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break up, to carve,—used metaphorically of opening a letter: “Boyet, you can carve; Break up this capon,” LOVE'S LABOUR'S LOST, iv. 1. 56 ; “An it shall please you to break up this,” THE MERCHANT OF VENICE, ii. 4. 10. On the first of these passages Theobald observes:“Our poet uses this metaphor as the French do their poulet; which signifies both a young fowl and a love-letter. Poulet, amatoriæ literæ, says Richelet; and quotes from Voiture, Repondre au plus obligeant poulet du monde, To reply to the most obliging letter in the world. The Italians use the same manner of expression, when they call a love-epistle una pollicetta [polizzetta] amorosa. I ow'd the hint of this equivocal use of the word to my ingenious friend, Mr. Bishop.” Farmer adds: “Henry IV., consulting with Sully about his marriage, says, ‘My niece of Guise would please me best, notwithstanding the malicious reports that she loves poulets in paper better than in a fricasee.’ A message is called a cold pigeon in the letter [by Laneham] concerning the entertainments at Killingworth Castle.”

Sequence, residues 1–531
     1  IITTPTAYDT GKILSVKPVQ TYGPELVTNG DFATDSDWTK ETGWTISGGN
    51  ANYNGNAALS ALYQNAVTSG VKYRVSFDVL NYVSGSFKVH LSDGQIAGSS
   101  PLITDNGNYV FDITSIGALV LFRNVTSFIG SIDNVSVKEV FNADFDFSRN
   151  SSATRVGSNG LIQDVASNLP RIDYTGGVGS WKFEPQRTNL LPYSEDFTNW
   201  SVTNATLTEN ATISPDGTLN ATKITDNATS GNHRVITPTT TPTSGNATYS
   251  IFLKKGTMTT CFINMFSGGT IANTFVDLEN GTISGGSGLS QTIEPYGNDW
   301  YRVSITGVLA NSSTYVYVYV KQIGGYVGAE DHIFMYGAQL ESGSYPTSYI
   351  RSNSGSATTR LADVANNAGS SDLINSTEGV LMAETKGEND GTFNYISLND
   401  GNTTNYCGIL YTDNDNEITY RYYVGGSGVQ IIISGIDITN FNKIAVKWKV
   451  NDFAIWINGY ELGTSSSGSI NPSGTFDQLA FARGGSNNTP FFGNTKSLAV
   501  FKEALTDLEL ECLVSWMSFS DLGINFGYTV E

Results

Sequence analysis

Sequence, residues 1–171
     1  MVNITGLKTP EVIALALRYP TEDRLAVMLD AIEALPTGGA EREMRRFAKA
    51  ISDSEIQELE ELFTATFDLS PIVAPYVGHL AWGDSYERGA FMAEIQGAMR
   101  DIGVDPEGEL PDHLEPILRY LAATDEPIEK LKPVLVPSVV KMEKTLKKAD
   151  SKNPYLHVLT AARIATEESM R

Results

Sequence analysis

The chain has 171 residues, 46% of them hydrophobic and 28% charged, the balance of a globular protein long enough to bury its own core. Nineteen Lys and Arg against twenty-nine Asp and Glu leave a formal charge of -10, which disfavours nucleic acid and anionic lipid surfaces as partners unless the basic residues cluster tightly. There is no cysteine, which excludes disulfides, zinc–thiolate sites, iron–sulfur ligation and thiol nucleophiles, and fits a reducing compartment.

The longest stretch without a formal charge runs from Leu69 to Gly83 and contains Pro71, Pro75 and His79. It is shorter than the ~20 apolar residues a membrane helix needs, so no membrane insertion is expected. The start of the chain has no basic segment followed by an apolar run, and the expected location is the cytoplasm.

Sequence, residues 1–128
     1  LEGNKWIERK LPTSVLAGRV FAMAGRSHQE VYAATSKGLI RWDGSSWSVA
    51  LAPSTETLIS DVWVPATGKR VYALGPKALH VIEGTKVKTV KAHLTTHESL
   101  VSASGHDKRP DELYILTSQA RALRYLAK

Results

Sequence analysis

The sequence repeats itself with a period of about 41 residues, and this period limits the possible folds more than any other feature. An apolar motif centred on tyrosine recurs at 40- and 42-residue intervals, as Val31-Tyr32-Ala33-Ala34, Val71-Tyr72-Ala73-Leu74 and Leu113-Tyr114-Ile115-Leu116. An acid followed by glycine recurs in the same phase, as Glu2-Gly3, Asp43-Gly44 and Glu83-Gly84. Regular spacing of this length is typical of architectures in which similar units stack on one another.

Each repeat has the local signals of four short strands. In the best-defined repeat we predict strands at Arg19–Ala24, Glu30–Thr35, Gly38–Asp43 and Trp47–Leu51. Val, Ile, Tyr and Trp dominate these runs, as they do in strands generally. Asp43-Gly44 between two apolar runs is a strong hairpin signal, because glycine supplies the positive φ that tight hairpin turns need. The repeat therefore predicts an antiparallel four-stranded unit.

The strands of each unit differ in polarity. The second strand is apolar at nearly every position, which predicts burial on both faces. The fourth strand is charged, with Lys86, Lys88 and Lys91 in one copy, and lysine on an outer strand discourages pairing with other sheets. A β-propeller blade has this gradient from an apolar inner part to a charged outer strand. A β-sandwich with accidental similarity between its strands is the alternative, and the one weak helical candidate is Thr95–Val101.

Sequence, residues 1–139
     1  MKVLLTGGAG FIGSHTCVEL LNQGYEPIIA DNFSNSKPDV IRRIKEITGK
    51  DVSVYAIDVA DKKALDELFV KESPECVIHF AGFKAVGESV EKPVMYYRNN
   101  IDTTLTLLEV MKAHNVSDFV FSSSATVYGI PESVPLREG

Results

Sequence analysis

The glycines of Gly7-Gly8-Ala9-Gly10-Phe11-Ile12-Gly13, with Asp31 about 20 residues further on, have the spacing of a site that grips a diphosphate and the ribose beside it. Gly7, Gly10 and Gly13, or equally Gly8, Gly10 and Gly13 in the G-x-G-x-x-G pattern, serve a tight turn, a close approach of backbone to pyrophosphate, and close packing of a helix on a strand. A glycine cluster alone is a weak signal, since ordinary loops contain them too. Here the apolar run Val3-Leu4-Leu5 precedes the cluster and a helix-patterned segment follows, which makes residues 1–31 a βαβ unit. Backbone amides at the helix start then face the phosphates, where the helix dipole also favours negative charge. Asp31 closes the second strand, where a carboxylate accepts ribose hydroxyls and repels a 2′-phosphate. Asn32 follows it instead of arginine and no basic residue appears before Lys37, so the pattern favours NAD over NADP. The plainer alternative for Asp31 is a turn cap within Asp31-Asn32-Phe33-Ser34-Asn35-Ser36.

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  • Cross-references in text-specific dictionaries from this page (1):
    • William Shakespeare, The Merchant of Venice, 2.4
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